The Rickshaw Challenge — Classic Run is proof that a little imagination is all it takes to transform the banal into the sublime
As a pageant of strikingly painted tuk-tuks was steered out of The Residency Towers for the eighth edition of Rickshaw Challenge — Classic Run, by a motley group of merry men and women representing countries across continents, it was clear that a little imagination is all it takes to transform the banal into the sublime. Yes, the Rickshaw Challenge, which offers a bouquet of motorcycling adventures across India around the year (check out www.rickshawchallenge.com), has indeed elevated the humble auto rickshaw into an Indian cultural icon.
The teams from the U.K., Spain, Canada, Australia, South Africa, Switzerland, France and Hungary taking part in the Chennai-Tiruvananthapuram adventure (on till January 7), signed up for this travel-and-tourist experience purely because the auto rickshaw is central to it. For these participants, the tuk tuk is a novelty. Low-powered three-wheelers ferrying passengers exist in many developing countries of Asia, Africa and Central and South America as a low-cost mode of transport. But in the developed West, tuk tuks are predominantly patronised as a novel form of passenger transport or as an effective tool in promoting green drives.
Among the European countries, Italy is the odd one out. Its engagement with the tuk tuk dates back to 1940s, when it made its appearance as a goods carrying vehicle. Later, the notion of three-wheelers for people gained ground. Today, they are a popular mode of transport in Italian localities abounding in constricted roadways.
In the other countries of Europe, tuk tuks are a more recent introduction. They have been making their way into the Netherlands since 2007, mostly as imports from India and Thailand. Fitted with CNG kits, these tuk tuks handsomely address the question of pollution control.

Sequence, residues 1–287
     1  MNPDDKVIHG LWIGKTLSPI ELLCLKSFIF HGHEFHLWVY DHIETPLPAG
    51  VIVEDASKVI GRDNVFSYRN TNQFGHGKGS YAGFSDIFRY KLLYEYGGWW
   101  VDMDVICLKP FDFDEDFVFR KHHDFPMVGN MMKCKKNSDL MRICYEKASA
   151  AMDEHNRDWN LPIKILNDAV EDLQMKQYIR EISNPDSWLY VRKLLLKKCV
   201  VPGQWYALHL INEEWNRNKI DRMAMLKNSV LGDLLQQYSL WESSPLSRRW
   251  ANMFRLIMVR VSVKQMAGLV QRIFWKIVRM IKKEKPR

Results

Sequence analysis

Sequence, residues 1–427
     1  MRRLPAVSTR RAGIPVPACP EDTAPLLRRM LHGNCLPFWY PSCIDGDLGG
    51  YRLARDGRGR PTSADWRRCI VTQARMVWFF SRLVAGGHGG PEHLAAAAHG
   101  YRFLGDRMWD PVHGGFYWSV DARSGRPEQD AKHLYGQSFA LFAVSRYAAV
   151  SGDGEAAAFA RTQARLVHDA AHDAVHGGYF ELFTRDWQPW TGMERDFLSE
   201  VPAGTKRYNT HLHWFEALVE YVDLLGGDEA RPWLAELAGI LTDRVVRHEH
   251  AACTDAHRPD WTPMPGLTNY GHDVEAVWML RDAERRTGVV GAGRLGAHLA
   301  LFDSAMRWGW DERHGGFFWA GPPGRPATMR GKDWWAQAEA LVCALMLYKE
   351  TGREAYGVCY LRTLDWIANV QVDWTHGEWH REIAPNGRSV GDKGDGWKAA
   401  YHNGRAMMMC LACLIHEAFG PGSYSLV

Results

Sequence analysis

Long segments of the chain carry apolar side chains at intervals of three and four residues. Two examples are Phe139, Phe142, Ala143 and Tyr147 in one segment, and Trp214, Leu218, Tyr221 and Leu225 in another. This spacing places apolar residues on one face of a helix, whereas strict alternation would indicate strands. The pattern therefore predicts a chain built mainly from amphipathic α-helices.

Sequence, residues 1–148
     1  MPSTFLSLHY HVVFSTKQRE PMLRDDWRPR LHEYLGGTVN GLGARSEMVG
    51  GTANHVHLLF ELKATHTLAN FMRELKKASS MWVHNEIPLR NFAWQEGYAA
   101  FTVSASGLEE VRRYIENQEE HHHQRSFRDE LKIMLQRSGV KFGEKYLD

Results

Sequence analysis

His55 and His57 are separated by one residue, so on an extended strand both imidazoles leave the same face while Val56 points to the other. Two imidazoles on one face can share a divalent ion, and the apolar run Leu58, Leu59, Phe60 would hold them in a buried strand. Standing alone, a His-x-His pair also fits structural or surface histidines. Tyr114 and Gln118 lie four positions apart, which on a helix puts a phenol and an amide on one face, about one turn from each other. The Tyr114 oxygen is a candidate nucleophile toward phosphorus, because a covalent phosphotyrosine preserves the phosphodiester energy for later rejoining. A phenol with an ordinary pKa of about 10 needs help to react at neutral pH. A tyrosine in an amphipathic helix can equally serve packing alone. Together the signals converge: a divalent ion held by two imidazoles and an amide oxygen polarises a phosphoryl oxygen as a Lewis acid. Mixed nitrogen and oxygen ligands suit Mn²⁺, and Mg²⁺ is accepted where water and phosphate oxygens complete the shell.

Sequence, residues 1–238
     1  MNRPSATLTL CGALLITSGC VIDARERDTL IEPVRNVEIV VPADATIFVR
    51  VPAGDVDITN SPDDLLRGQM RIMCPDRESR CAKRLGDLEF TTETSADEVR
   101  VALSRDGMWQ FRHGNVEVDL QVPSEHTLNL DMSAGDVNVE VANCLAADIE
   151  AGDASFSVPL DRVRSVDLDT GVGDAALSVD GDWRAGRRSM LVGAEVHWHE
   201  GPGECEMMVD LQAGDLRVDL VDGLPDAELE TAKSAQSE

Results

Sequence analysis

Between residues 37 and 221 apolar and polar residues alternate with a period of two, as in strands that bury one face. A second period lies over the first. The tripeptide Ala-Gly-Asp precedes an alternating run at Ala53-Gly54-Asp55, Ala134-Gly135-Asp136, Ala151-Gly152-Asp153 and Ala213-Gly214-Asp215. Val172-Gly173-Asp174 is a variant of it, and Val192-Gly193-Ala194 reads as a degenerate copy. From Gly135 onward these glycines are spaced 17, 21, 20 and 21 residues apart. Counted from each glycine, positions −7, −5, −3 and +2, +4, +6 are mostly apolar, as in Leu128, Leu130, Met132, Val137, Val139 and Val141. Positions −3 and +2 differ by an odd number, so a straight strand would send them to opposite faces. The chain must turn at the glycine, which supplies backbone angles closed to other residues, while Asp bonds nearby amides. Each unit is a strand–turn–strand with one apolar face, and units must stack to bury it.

A lesson in history
The history of tuk tuks in U.K. is a bit longer. Since 1999, these machines have served as a vehicle for tours of specific locations, fixed passenger routes and street marketing drives. Despite this relatively longer run, the tuk tuk is hardly a common vehicle in the U.K., a fact supported by the regular participation of British teams in the Rickshaw Challenge over the last eight years.
Part of the reason could be that the Rickshaw Challenge imparts the tuk tuks more colour — literally — and character. Participants are encouraged to name their rickshaws and endue them with anthropomorphic features. The manner in which the Challenge has promoted an unlikely rally machine is paralleled by only a few other attempts, which include the one during the 2011 edition of the Budapest-Bamako rally, when an invitation was made to owners of old, beat-up vehicles or those gloriously unsuited for the gruelling long-distance trip. It could be anything — an ambulance, a commercial vehicle, a vintage car or motorcycle. The owner of the machine that made the cut — the most ill-equipped to meet the challenges of the journey — was granted free entry.